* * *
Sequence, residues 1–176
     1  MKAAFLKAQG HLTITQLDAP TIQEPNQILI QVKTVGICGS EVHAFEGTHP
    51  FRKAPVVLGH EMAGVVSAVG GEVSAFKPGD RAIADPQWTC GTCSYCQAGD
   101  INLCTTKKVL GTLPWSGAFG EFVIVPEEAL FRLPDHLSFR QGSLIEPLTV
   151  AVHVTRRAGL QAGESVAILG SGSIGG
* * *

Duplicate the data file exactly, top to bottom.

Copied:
Sequence, residues 1–176
     1  MKAAFLKAQG HLTITQLDAP TIQEPNQILI QVKTVGICGS EVHAFEGTHP
    51  FRKAPVVLGH EMAGVVSAVG GEVSAFKPGD RAIADPQWTC GTCSYCQAGD
   101  INLCTTKKVL GTLPWSGAFG EFVIVPEEAL FRLPDHLSFR QGSLIEPLTV
   151  AVHVTRRAGL QAGESVAILG SGSIGG